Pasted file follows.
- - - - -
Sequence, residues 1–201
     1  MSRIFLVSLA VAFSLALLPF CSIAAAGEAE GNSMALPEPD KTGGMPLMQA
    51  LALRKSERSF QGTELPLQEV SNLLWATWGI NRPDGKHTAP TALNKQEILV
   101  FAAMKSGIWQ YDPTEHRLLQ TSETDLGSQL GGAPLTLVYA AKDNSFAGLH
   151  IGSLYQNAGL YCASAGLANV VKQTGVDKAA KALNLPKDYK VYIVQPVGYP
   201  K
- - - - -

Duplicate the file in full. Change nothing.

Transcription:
Sequence, residues 1–201
     1  MSRIFLVSLA VAFSLALLPF CSIAAAGEAE GNSMALPEPD KTGGMPLMQA
    51  LALRKSERSF QGTELPLQEV SNLLWATWGI NRPDGKHTAP TALNKQEILV
   101  FAAMKSGIWQ YDPTEHRLLQ TSETDLGSQL GGAPLTLVYA AKDNSFAGLH
   151  IGSLYQNAGL YCASAGLANV VKQTGVDKAA KALNLPKDYK VYIVQPVGYP
   201  K